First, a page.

Link to Opera North blog version
Apollo: For All Mankind
Howard Assembly Room Friday 20th January 2012
Formed by James Poke and John Godfrey in 1989, Icebreaker have grown to be one of the country’s leading exponents of contemporary music, performing and recording works by artists such as Michael Nyman, Gavin Bryars, Philip Glass and Brian Eno. The unique array of instrumentation that Icebreaker employ assure them of their distinctive character in the field of contemporary music interpretation. B J Cole is a familiar name to anyone interested in music in general and may be considered as the pedal steel players’ pedal steel player. He can be heard on recordings from artists as disparate as Sting, Elton John on “Tiny Dancer”, Scott Walker, Joan Armatrading on “Down to Zero” and David Sylvian. After the interval at this evening’s performance, Cole explained how, through hearing the pedal steel playing by Daniel Lanois on the original album and soundtrack version of “Apollo: For All Mankind” he was inspired to release the instrument from the domain of country and western music and encompass the field of ambient and experimental avant garde music. Collaborations with artists such as Luke Vibert, Harold Budd and John Cale have proved his credentials in this arena.
This evening’s performance at the Howard Assembly Room in Leeds, rapidly becoming one of the crucial spaces in the city for left field and experimental projects, began with Terry Riley’s “In C”. Anyone familiar with the history and development of minimalist music will be aware of the importance of this piece, which in many ways could be argued to be the template for the development of this type of approach to music. Essentially, “In C” is a series of 53 short musical phrases which are repeated by each individual player as often as they like, at any tempo or in any particular order. The piece itself develops organically allowing each participant the freedom to improvise within the given margins. The performance this evening which was built up of flute, pan pipe, keyboards, saxophones, clarinet, electric violin and cello, percussion, guitar, bass guitar and pedal steel guitar, perfectly illustrated how, through an almost telepathic sense of the occasion, Riley’s piece could simultaneously hold onto the attention of the audience whilst transporting them on a journey through the network of developing phrases.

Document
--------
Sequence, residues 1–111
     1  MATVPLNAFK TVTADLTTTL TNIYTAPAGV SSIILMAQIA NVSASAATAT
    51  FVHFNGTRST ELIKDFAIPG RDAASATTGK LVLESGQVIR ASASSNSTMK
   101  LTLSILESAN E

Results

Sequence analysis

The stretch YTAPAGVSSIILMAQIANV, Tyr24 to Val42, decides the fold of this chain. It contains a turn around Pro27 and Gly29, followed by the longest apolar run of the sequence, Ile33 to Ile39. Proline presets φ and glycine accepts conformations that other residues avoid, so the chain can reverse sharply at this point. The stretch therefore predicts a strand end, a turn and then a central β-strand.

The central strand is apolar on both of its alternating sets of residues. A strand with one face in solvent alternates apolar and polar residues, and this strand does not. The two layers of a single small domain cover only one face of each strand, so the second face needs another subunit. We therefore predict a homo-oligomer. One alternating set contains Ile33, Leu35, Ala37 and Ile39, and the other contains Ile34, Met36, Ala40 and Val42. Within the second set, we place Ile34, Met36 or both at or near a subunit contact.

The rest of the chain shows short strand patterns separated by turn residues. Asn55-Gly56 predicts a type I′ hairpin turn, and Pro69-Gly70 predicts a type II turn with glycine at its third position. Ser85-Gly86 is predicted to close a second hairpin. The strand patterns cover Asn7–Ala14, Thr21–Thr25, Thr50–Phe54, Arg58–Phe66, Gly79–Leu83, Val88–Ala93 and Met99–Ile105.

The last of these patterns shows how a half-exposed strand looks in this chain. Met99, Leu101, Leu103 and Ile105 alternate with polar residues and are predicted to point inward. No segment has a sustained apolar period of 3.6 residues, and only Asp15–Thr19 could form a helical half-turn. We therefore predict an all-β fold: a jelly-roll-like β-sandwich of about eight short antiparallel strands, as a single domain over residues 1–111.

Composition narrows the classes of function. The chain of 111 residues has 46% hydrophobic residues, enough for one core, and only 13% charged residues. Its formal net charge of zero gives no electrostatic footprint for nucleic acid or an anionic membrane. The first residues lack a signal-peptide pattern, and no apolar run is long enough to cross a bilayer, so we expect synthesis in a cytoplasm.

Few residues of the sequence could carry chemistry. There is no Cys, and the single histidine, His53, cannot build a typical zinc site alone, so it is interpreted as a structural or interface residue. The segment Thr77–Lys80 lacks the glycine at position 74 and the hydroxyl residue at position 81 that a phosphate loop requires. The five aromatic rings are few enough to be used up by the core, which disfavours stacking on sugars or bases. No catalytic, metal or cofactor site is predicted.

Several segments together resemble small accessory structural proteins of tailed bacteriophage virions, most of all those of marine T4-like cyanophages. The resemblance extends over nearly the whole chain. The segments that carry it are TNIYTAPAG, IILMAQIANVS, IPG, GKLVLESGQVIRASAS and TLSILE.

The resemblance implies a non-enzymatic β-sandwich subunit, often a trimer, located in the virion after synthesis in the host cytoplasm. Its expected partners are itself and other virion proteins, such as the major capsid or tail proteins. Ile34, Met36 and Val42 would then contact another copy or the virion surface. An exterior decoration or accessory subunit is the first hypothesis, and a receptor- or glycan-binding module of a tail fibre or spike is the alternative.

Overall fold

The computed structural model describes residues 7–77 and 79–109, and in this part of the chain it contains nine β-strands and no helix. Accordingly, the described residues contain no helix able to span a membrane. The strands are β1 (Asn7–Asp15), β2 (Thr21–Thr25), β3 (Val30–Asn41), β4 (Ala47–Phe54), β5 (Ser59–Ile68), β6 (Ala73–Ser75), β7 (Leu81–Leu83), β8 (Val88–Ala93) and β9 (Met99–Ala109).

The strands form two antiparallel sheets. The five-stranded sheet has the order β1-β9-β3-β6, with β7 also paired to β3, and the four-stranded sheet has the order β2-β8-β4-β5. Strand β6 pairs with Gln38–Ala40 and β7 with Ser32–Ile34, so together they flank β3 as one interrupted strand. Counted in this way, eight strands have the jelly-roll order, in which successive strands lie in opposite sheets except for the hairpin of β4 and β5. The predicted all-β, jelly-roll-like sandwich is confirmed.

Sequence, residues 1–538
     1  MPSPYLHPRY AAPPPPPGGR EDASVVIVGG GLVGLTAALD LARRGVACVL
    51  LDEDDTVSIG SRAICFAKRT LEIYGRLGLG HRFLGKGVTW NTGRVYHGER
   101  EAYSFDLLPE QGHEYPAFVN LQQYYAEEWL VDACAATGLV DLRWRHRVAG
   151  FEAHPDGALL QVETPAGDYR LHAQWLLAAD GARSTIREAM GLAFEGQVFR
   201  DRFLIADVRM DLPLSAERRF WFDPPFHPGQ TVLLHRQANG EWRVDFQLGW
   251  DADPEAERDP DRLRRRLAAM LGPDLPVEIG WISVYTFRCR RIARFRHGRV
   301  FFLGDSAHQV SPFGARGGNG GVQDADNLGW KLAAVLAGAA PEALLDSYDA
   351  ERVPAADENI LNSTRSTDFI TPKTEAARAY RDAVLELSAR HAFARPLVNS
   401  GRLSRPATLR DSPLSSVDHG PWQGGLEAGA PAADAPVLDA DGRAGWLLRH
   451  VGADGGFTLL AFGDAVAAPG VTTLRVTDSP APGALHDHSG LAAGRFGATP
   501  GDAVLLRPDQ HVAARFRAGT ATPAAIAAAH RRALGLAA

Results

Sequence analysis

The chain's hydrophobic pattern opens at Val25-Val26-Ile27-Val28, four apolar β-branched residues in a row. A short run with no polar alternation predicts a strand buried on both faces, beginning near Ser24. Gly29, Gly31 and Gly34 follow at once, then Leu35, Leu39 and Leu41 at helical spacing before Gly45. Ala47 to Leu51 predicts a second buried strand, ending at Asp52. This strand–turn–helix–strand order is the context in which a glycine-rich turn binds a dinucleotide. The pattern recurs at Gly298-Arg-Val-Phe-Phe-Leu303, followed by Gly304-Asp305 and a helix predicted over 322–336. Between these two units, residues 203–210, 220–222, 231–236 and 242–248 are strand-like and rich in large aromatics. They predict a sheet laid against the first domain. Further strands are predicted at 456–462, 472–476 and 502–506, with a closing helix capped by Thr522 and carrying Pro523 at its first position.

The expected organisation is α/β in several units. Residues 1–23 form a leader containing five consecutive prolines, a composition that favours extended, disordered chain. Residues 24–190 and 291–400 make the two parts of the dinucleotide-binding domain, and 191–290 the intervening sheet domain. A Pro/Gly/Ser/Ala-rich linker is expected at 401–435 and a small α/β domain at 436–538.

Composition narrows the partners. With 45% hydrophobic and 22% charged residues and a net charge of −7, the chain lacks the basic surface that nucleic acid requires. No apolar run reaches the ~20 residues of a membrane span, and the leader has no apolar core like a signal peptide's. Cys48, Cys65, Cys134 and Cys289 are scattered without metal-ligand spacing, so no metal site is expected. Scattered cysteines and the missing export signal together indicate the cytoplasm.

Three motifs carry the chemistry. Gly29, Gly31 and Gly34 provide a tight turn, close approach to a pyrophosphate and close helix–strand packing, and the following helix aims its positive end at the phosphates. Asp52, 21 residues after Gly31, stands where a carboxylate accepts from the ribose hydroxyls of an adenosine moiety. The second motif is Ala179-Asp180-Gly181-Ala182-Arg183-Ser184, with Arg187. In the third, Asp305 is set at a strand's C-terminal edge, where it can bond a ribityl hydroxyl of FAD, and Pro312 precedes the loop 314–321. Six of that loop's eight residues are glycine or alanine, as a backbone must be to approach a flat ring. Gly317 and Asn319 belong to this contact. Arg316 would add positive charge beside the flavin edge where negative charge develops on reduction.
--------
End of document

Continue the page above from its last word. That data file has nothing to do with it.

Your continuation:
2009 was the 40th anniversary of the first moon landing, and to help recognise this occasion Tim Boon, Head of Research and Public History at the Science Museum in London, suggested the idea of producing a live version of Al Reinert’s film “For All Mankind”. The film in essence is compiled from archive footage of the Apollo missions, and was originally sound tracked by Brian Eno, his brother Roger and guitarist Daniel Lanois. The subtle blend of ambient sound scapes and pedal steel guitar was inspired by the knowledge that many of the astronauts took recordings of country music with them for recreation on the space missions. Woojun Lee was, apparently, personally selected by Brian Eno to transcribe the original soundtrack for live performance. This project was premiered in 2009 at the IMAX Cinema at the Science Museum by Icebreaker. The performance this evening, which made up the second part of the programme, by Icebreaker and B J Cole, synchronised with an edited version of the original film, proved just how perfectly the two media can come together to produce an experience of such sublime beauty. The take off sequences in particular were at once tense and heart warming, whilst the images of the astronauts walking on the moon’s surface and repeatedly falling, gave the piece a sense of humanity. The music perfectly reflected the sense of occasion and poignancy of the film and its narrative, and should be regarded as a template itself for how multimedia performances can achieve success. The Howard Assembly Room itself is a space which has both intimacy and a sense of grandeur and is the perfect location for this and, hopefully, future projects of this nature.